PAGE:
The Plot/Don’t Plot feature affects blocks and external references (xrefs) in unique ways. For example, you can control which objects in a block won’t plot by setting their layers to not plot. Also, you can prevent an entire block from plotting by setting the layer on which the block is inserted to not plot. This is true for xrefs, as well. Therefore, you can control whether entire blocks and xrefs plot, or you can control whether specific objects in blocks and xrefs plot. For more information, refer to Chapter 20.

Locking Layers

When editing a drawing with multiple layers, you probably will mistakenly select objects that you don’t want to edit. Although this is frustrating, the good news is that you can control which objects are editable by locking and unlocking the layers on which they reside. The ability to lock layers enables you to display the objects on a layer without selecting any objects on that layer. More importantly, although objects on a locked layer are not selectable for edit commands, they can be snapped to using object snaps.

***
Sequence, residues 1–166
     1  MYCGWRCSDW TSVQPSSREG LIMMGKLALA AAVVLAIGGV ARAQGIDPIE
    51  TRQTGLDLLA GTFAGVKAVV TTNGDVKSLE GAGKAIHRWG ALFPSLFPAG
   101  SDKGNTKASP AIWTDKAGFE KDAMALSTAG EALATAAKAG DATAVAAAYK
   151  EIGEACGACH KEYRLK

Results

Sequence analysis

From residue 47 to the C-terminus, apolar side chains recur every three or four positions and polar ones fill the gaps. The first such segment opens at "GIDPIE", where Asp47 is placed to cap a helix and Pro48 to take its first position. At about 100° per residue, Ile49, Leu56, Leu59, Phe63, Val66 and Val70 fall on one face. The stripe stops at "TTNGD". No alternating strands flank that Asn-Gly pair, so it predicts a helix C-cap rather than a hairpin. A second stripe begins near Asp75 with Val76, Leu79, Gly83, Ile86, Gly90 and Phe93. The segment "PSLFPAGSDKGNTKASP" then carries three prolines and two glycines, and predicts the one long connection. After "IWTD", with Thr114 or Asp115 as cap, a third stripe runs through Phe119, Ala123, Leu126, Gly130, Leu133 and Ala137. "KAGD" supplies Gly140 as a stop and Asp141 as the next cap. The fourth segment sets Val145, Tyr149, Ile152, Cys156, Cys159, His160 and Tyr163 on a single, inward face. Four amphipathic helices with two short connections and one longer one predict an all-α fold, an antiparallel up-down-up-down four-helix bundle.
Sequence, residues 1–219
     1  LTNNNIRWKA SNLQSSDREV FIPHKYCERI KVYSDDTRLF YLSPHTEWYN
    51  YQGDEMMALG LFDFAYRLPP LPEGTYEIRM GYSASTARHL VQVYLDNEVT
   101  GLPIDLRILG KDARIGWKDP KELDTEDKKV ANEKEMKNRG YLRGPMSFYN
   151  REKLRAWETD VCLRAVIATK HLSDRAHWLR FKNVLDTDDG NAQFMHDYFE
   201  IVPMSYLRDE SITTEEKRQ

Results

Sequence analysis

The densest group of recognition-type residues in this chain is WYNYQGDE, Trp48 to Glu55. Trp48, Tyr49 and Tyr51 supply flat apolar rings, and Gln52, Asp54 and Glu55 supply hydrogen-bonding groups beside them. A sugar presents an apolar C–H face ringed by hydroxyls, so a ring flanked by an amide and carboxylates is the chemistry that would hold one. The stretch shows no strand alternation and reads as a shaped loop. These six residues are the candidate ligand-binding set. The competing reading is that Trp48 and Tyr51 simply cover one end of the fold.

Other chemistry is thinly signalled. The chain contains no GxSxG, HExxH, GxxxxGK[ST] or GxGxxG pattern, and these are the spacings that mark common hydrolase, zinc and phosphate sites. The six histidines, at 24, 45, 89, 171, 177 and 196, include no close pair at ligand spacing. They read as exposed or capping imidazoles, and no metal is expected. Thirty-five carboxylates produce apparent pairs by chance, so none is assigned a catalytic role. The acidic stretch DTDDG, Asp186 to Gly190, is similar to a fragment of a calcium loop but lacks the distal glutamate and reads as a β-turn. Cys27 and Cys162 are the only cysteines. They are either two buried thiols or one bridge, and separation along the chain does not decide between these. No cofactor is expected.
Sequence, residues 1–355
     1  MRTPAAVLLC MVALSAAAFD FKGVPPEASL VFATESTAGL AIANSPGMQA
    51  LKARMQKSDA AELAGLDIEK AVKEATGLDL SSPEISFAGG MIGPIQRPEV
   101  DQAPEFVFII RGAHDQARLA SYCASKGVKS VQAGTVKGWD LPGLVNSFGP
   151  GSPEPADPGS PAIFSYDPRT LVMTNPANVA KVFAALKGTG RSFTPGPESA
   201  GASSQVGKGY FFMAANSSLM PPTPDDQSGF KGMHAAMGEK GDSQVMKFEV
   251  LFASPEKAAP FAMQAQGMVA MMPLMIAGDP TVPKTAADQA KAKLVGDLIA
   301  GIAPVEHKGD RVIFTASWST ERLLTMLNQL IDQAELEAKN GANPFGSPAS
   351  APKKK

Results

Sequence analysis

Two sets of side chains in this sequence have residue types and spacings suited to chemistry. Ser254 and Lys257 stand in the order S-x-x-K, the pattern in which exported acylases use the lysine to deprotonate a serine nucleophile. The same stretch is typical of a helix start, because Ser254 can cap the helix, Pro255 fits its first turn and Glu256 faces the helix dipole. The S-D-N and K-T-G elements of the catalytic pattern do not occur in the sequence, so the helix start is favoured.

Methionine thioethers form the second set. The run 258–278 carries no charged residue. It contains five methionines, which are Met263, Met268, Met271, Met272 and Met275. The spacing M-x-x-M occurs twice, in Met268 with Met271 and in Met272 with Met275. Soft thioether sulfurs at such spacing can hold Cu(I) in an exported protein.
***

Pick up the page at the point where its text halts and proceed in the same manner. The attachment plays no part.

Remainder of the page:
Therefore, the layer locking feature is most useful when working on drawings in which you simply need to see the objects on a layer for reference and object snapping purposes, and you want to ensure that you don’t accidentally alter the objects. By locking a layer, you ensure that the objects on that layer are safe from unintended edits.


You can place blocks on a layer that is locked and even though they may contain data from other layers, you will not be able to erase the blocks.


You can create data on a locked layer and then be unable to modify the same object just created. This can often be a trap during lisp routines creating data but on locked layers.